The occasion for Rometty’s quote was a special package on the Trump tax-cuts, a trillion-dollar gift to American big business, which lobbyists for the Business Roundtable celebrated with an announcement that American capitalism would now serve “stakeholders” (not just shareholders). Fortune celebrated this “change” as “fundamental and profound.”

Fast forward five years and corporate leaders are still telling stories, this time about “stakeholder capitalism” and “ESG” — the dread “woke capitalism” that has right-wing swivel-eyed loons running around, hair afire, declaring the end of capitalism.

For Williams and Lowenstein (and me), all this ESG, DEI, and responsible capitalism is just window dressing, a distraction to keep the pitchforks and torches in people’s closets, and to keep the guillotines in their packaging. The right-wing is doing a mirror-world version of liberals who freak out when OpenAI claims to have built a machine that will pauperize every worker — assuming that a PR pitch is the gospel truth, and then repeating it in criticism. Criti-hype, in other words:

https://sts-news.medium.com/youre-doing-it-wrong-notes-on-criticism-and-technology-hype-18b08b4307e5

Think of ESG: the right is freaking out that ESG is harming shareholders by leaving hydrocarbons in the ground to appease climate-addled greenies. The reality is that ESG is barely disguised greenwashing, and it’s fully compatible with burning every critter that died in the Mesozoic, Cenozoic, and lo, even the Paleozoic:

https://pluralistic.net/2022/03/15/sanctions-financing/#profiteers

The reason this tactic is so successful is that Americans have also been sold another narrative: that American problems are solved by American individuals as entrepreneurs and businesspeople, not as polities or as members of a union (let alone the working class!).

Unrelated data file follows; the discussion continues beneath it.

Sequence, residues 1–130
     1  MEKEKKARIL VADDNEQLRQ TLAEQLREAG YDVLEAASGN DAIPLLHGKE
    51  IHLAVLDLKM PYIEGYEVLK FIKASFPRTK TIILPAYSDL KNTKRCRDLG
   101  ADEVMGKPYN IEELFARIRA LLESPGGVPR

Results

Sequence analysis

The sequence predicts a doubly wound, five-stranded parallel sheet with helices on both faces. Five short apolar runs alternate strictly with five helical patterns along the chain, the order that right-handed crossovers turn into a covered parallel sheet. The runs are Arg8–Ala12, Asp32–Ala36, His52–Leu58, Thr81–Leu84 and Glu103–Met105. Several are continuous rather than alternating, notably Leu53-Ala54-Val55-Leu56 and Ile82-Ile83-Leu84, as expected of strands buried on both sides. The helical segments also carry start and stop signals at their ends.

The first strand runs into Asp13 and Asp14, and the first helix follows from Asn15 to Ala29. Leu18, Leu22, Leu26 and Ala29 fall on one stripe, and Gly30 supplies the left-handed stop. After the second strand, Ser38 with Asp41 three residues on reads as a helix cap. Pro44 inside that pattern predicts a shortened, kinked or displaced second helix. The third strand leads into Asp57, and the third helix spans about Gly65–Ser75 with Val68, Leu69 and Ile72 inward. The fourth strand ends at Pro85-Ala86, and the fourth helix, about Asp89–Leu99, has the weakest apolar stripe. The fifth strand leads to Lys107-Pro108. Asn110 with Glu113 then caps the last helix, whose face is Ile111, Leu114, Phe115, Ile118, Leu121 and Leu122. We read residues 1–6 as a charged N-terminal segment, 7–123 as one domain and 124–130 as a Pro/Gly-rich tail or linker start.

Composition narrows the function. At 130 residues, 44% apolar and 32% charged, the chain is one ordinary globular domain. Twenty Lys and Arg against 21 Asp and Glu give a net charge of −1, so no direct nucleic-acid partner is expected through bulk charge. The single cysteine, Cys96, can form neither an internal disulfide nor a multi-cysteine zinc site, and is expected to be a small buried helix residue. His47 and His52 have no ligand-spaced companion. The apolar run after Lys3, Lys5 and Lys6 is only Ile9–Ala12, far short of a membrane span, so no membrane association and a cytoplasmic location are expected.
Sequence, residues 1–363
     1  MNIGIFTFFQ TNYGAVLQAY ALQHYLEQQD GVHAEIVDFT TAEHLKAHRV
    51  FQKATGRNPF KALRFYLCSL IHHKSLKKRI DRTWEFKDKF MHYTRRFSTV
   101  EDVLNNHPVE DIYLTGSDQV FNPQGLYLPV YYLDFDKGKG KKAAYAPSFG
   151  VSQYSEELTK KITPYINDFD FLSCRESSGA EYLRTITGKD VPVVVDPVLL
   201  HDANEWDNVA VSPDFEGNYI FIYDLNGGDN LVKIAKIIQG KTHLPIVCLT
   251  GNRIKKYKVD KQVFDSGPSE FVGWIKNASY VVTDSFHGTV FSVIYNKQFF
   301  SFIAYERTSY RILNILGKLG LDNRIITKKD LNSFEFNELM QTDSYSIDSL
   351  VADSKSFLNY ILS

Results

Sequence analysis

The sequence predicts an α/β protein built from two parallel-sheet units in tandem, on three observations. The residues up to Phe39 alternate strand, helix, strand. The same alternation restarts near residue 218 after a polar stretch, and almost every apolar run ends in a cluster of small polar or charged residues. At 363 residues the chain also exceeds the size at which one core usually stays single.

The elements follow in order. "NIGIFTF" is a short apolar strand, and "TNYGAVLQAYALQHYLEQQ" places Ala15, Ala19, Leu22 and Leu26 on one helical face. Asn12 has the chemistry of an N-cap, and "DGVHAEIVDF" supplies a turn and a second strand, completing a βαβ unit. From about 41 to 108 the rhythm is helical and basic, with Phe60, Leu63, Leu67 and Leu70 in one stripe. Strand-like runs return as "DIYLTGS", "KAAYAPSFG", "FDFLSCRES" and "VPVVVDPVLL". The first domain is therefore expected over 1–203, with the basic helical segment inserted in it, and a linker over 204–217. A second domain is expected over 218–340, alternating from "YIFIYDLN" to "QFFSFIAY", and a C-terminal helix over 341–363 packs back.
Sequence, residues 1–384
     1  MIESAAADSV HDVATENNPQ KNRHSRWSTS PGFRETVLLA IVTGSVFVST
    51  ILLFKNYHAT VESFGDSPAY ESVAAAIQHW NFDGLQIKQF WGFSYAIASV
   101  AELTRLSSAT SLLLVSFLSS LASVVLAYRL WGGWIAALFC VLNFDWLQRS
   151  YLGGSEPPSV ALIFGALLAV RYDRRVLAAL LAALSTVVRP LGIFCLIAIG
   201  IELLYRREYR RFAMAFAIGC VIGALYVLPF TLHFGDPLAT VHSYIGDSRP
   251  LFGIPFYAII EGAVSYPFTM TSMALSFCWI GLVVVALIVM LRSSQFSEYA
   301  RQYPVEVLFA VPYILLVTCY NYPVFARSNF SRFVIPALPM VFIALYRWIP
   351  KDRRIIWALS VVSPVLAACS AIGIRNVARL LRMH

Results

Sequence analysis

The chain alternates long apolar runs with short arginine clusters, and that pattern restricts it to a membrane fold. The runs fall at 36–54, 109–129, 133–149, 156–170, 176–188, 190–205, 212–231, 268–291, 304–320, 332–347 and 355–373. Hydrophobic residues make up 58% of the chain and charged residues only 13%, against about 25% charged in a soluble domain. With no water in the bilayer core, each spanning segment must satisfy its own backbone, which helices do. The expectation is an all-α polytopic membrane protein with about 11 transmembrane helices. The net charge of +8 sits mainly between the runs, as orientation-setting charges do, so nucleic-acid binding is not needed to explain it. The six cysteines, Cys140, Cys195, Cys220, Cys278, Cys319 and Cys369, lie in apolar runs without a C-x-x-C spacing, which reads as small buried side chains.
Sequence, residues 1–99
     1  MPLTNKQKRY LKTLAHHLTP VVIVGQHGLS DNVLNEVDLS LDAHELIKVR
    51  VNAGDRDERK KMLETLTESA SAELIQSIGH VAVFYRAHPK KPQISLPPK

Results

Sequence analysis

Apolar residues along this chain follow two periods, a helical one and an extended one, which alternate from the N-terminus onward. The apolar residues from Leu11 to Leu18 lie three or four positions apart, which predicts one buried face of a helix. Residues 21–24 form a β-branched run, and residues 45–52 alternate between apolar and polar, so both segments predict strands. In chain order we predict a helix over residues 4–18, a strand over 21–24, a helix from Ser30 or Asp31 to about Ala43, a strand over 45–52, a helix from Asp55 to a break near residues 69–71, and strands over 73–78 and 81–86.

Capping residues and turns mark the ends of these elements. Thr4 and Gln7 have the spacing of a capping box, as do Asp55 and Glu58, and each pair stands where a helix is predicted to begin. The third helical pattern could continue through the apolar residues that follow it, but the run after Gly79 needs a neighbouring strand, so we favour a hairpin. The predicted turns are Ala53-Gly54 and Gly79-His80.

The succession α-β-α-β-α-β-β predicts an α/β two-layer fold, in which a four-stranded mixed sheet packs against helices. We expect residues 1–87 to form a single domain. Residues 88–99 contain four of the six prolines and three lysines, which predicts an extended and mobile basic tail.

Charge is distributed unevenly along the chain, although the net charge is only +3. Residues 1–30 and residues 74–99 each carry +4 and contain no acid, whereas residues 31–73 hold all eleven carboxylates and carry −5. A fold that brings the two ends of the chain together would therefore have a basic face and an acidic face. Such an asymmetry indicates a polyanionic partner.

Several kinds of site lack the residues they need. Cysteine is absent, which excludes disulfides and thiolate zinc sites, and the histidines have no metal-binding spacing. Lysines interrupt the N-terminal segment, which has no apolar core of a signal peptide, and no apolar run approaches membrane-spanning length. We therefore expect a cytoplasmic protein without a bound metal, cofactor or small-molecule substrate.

This is the subject of the second book Lowenstein reviews, One Day I’ll Work for Myself: The Dream and Delusion That Conquered America, by Benjamin Waterhouse:

https://wwnorton.com/books/one-day-ill-work-for-myself/

A keystone of American narrative capitalism is the idea that the USA is a nation of small businesspeople, Jeffersonian yeoman farmsteaders of the US economy. But even a cursory examination shows that the country is ruled — economically and politically — by very large firms.

Uber sells itself as a way to be your own boss (“No shifts. No boss. No limits.”) — even though it’s a system where the app is your boss, and thanks to that layer of misdirection, Uber gets to be the worst conceivable boss, while its workers have no recourse in labor law:

https://pluralistic.net/2023/04/12/algorithmic-wage-discrimination/#fishers-of-men

In labor fights, Uber represents itself as the champion of innumerable “small businesspeople” who drive its unlicensed taxis. In consumer protection fights, Amazon claims to be fighting for “small businesspeople” who sell on its platform. In privacy fights, Facebook claims to represent “small businesspeople” who buy its surveillance advertising.

But large firms are actively hostile to small firms, seeing them as small-fry to be rooked or destroyed (recall that when Amazon targeted small publishers for bankruptcy-level discounts, they called the program “The Gazelle Project” and Bezos told his executives to tackle these firms “the way a cheetah pursues a sickly gazelle”).

Decades of this tale have produced “a profound shift from a shared belief that individuals might come together to solve problems, into a collective faith in individual effort.” America’s long love-affair with rugged individualism was weaponized in the 1970s by corporations seeking to shed their regulatory obligation to workers, customers, and the environment.